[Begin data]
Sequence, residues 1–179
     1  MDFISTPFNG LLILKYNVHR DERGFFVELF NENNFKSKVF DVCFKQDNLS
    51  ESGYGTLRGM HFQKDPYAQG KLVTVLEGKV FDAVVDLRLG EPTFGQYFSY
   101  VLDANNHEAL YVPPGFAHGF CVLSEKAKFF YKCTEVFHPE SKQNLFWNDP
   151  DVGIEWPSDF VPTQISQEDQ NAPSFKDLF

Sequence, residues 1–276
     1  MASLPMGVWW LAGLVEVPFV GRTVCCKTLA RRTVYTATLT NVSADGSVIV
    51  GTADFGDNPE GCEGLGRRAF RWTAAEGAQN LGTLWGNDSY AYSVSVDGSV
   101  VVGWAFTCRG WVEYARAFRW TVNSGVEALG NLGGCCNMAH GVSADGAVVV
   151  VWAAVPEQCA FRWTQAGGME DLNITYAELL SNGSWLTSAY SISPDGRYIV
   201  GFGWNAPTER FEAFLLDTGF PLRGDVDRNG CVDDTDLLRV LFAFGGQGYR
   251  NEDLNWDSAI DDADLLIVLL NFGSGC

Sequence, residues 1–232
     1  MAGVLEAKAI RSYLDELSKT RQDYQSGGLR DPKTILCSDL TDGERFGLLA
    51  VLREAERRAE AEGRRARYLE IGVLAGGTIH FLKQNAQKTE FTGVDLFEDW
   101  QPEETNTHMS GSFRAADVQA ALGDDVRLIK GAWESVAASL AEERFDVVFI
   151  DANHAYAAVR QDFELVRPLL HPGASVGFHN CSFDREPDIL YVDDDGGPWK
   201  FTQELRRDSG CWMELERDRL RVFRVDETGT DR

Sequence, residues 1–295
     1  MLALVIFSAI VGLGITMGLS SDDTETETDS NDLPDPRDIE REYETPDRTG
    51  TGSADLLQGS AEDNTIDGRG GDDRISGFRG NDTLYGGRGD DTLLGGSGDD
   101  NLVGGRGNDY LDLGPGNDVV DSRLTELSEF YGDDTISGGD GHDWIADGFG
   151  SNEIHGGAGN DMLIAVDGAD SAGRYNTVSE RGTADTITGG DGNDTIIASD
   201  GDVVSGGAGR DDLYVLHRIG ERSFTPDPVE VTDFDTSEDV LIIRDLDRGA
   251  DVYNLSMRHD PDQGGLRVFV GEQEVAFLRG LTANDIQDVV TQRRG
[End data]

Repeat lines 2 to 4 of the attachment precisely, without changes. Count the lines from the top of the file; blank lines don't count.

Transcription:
     1  MDFISTPFNG LLILKYNVHR DERGFFVELF NENNFKSKVF DVCFKQDNLS
    51  ESGYGTLRGM HFQKDPYAQG KLVTVLEGKV FDAVVDLRLG EPTFGQYFSY
   101  VLDANNHEAL YVPPGFAHGF CVLSEKAKFF YKCTEVFHPE SKQNLFWNDP